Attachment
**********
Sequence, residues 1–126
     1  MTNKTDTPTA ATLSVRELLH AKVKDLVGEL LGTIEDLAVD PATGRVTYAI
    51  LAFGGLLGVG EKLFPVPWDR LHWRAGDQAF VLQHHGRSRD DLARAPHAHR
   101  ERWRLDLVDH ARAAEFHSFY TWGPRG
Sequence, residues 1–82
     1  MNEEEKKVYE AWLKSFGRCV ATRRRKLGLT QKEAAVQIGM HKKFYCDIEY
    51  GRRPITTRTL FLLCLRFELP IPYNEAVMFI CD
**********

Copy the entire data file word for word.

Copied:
Sequence, residues 1–126
     1  MTNKTDTPTA ATLSVRELLH AKVKDLVGEL LGTIEDLAVD PATGRVTYAI
    51  LAFGGLLGVG EKLFPVPWDR LHWRAGDQAF VLQHHGRSRD DLARAPHAHR
   101  ERWRLDLVDH ARAAEFHSFY TWGPRG
Sequence, residues 1–82
     1  MNEEEKKVYE AWLKSFGRCV ATRRRKLGLT QKEAAVQIGM HKKFYCDIEY
    51  GRRPITTRTL FLLCLRFELP IPYNEAVMFI CD